Eikoh Hosoe

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Hosoe during FotoArtFestival 2005 in Poland
Hosoe in his studio discussing Japanese photography, Tokyo 1989
Man and Woman #24 by Eikoh Hosoe, Honolulu Museum of Art

Eikoh Hosoe (細江 英公, Hosoe Eikō, born 18 March 1933 in Yonezawa, Yamagata)[1] is a Japanese photographer and filmmaker who emerged in the experimental arts movement of post-World War II Japan. He is known for his psychologically charged images, often exploring subjects such as death, erotic obsession, and irrationality. Through his friendships and artistic collaborations he is linked with the writer Yukio Mishima and 1960s avant-garde artists such as the dancer Tatsumi Hijikata.


At birth Hosoe's name was "Toshihiro" (敏廣); he adopted the name "Eikoh" after World War II to symbolize a new Japan.[2] While he was a student at the Tokyo College of Photography in the early 1950s, Hosoe joined "Demokrato," an avant-garde artists' group led by the artist Ei-Q.[2] In 1960, Hosoe created the Jazz Film Laboratory (Jazzu Eiga Jikken-shitsu) with Shuji Terayama, Shintaro Ishihara, and others.[3] The Jazz Film Laboratory was a multidisciplinary artistic project aimed at producing highly expressive and intense works such as Hosoe's 1960 short black and white film Navel and A-Bomb (Heso to genbaku).[3]

Eikoh Hosoe is best known for his dark, high contrast, black and white photographs of male and female bodies. Some reference religion, philosophy and mythology, while others are nearly abstract, such as Man and Woman # 24, from 1960.[4][5]

With Mishima as a model, Hosoe created a series of dark, erotic images centered on the male body, Killed by Roses or Ordeal by Roses (Bara-kei, 薔薇刑, 1961–1962).[6] The series (set in Mishima's Tokyo house) positions Mishima in melodramatic poses.[6] Mishima would follow his fantasies, eventually committing suicide by seppuku in 1970.[6]

With Hijikata as a model, Hosoe created Kamaitachi, a series of images that reference stories of a supernatural being — "sickle-toothed weasel" — that haunted the Japanese countryside of Hosoe's childhood.[6] In the photographs, Hijikata is seen as a wandering ghost mirroring the stark landscape and confronting farmers and children.[6] The Kamaitachi series was published in book form in 1969.

Hosoe has been the director of the Kiyosato Museum of Photographic Arts (Kiyosato, Yamanashi) since its opening in 1995.[3][7] He was awarded The Royal Photographic Society's Special 150th Anniversary Medal and Honorary Fellowship (HonFRPS) in recognition of a sustained, significant contribution to the art of photography.[8]



  • Hosoe, Eikoh, and Yukio Mishima. Killed by roses. Tokyo: Shueisha, 1963.
  • Hosoe, Eikoh. 鎌鼬 = Kamaitachi. Tokyo: Gendai Shichosha, 1969.
  • Hosoe, Eikoh, Tadanori Yokoo, and Yukio Mishima. Ordeal by roses reedited. Tokyo: Shueisha, 1971.
  • Hosoe, Eikoh. 薔薇刑 = Ba*ra*kei = Ordeal by roses: photographs of Yukio Mishima. New York: Aperture, 1985. ISBN 0-89381-169-6.
  • Hill, Ronald J. Eikoh Hosoe. Carmel, CA: Friends of Photography, 1986. ISBN 0-933286-46-5.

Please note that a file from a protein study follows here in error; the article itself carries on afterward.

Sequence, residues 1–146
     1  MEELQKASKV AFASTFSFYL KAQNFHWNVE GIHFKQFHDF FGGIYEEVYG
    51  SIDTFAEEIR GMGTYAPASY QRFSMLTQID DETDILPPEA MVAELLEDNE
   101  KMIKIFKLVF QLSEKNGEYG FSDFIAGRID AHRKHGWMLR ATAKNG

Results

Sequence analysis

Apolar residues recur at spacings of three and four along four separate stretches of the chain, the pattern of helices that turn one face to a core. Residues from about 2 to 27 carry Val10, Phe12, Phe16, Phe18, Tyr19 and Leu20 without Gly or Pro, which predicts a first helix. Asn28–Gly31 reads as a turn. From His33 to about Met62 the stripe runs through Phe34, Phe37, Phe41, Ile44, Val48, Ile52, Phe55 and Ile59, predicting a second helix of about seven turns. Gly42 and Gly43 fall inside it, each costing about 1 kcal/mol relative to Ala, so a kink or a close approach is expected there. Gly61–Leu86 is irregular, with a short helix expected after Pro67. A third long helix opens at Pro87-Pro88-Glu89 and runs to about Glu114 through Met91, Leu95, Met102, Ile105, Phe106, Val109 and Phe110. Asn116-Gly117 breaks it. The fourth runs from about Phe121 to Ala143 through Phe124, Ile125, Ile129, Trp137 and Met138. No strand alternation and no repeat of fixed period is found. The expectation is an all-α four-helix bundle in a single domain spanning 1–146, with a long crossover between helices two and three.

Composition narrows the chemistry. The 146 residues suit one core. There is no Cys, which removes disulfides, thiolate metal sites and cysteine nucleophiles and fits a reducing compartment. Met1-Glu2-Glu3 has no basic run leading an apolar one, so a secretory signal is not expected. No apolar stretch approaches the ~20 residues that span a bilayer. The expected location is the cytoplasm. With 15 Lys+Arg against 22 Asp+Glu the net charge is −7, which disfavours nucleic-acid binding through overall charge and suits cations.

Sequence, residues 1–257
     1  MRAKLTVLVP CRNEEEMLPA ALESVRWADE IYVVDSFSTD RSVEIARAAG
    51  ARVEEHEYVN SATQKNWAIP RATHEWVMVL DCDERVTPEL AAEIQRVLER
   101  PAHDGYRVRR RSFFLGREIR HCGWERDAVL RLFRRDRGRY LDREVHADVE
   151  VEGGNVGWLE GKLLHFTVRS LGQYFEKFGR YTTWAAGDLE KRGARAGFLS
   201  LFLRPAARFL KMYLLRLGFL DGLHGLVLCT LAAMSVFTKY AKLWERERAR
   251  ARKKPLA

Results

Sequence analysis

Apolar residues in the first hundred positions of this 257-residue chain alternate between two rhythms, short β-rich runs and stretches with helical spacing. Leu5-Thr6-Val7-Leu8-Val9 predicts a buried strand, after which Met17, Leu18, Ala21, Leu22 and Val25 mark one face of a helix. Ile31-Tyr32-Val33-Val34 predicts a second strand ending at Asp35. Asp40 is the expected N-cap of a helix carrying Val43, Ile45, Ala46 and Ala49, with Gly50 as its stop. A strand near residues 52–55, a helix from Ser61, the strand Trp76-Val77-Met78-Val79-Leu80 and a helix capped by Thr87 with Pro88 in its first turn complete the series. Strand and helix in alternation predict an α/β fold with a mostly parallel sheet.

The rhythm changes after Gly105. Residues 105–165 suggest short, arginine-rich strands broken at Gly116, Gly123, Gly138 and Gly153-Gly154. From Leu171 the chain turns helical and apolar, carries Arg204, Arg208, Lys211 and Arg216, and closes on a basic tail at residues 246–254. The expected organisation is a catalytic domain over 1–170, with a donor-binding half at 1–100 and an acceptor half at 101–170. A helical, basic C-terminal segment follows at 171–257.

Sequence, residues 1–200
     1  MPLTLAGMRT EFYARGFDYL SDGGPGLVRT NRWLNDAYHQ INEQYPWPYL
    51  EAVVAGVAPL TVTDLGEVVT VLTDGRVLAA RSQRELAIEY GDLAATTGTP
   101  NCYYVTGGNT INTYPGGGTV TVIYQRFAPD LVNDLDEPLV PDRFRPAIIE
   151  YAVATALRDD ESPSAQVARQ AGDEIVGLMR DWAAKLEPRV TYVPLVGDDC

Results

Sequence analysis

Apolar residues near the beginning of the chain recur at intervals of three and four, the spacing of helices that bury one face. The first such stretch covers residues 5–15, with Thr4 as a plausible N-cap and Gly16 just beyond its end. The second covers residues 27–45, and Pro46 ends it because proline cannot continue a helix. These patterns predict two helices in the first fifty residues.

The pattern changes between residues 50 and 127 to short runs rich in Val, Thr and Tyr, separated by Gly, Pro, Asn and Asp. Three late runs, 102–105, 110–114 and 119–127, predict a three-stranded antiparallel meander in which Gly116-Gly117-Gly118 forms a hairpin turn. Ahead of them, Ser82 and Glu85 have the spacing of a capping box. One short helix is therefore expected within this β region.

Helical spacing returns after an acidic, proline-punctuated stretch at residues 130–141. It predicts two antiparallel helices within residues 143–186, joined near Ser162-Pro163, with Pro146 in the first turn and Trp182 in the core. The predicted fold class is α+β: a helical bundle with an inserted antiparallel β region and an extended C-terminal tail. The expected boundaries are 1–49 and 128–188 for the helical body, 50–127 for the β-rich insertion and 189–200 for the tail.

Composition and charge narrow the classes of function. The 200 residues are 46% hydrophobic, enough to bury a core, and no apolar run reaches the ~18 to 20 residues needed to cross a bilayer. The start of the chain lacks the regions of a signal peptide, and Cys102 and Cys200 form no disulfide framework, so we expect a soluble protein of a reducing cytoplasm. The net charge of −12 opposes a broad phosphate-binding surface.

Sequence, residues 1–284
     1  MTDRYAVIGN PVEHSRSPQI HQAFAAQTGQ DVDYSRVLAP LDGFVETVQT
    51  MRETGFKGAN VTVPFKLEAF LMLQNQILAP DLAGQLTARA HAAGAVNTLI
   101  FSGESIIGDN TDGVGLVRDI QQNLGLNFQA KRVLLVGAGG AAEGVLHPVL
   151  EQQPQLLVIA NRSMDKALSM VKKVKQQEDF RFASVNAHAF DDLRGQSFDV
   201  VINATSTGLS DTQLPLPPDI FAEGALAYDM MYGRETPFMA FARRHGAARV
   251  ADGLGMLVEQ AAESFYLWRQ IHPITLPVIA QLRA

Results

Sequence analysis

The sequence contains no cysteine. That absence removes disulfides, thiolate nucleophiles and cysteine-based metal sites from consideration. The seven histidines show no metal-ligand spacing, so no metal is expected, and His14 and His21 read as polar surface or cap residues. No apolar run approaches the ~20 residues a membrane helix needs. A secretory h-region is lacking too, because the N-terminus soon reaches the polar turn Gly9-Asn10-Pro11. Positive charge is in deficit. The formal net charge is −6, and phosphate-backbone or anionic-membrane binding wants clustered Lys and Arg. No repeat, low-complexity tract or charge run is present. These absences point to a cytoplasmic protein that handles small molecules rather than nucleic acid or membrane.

• Hosoe, Eikoh. Eikoh Hosoe, meta. New York: International Center of Photography, 1991. ISBN 0-933642-16-4.
  • Holborn, Mark. Eikoh Hosoe (Aperture Masters of Photography). New York: Aperture, 1999. ISBN 0-89381-824-0.
  • Hosoe, Eikoh. 鎌鼬 = Kamaitachi. New York: Aperture, 2005. ISBN 1-931788-80-4. Reprint edition.
  • Hosoe, Eikoh, and Kazuo Ohno. Butterfly dream. Kyoto: Seigensha, 2006. ISBN 4-86152-092-4.
  • Hosoe, Eikoh. Deadly ashes: Pompeii, Auschwitz, Trinity Site, Hiroshima. Tokyo: Madosha, 2007. ISBN 978-4-89625-086-2.
  • Hosoe, Eikoh. 鎌鼬 = Kamaitachi. New York: Aperture, 2009. ISBN 978-1-59711-121-8. Trade edition.


  1. ^ Hosoe, Eikoh. Grove Dictionary of Art, 2000.
  2. ^ a b Art2art Circulating Exhibitions. Eikoh Hosoe: ukiyo-e projections. Archived 11 August 2011 at the Wayback Machine
  3. ^ a b c Hosoe Eikoh 細江英公 (interview). Ko-e magazine, no. 6, January–February 2010.
  4. ^ Honolulu Museum of Art, wall label, Man and Woman # 24 by Eikoh Hosoe, accession TCM.2003.31.29
  5. ^ Josef Chladek on Photobooks
  6. ^ a b c d e Loke, Margarett. Photography review; stories for the camera, some dark, some not. New York Times, 6 April 2001.
  7. ^ Shinjo Ito Center. Photography studio. Archived 17 July 2011 at the Wayback Machine
  8. ^ Royal Photographic Society's Centenary Award Accessed 13 August 2012
  9. ^ "Photographic Society of Japan Awards". Photographic Society of Japan. Retrieved 5 March 2015.

Further reading[edit]

  • Furuta, Miyuki. Why, mother, why?. Tokyo: Kodansha, 1965. With photographs by Hosoe.
  • Lifton, Betty Jean. Taka-chan and I: a dog's journey to Japan. New York: W.W. Norton, 1967. With photographs by Hosoe.
  • Lifton, Betty Jean. A dog's guide to Tokyo. New York: W.W. Norton, 1969. With photographs by Hosoe.
  • Lifton, Betty Jean. Return to Hiroshima. New York: Atheneum, 1970. With photographs by Hosoe.
  • (in Japanese) Nihon nūdo meisakushū (日本ヌード名作集, Japanese nudes). Camera Mainichi bessatsu. Tokyo: Mainichi Shinbunsha, 1982. Pp. 185–89 show nudes by Hosoe.
  • Lifton, Betty Jean. A place called Hiroshima. Tokyo: Kodansha, 1985. ISBN 0-87011-649-5. (1990 paperback edition: ISBN 0-87011-961-3.) With photographs by Hosoe.
  • Holborn, Mark. Black sun: the eyes of four. Roots and innovation in Japanese photography. New York: Aperture, 1986. ISBN 0-89381-211-0. Pp. 17–32 discuss Hosoe's Kamaitachi series.
  • Nihon shashin no tenkan: 1960 nendai no hyōgen (日本写真の転換:1960時代の表現) / Innovation in Japanese Photography in the 1960s. Tokyo: Tokyo Metropolitan Museum of Photography, 1991. Exhibition catalogue, text in Japanese and English. Pp. 46–55 show photographs from "Ordeal by Roses."
  • Baudelaire, Charles. Flowers of evil. South Dennis, MA: 21st Editions, 2006. With photographs and an afterword by Hosoe.

External links[edit]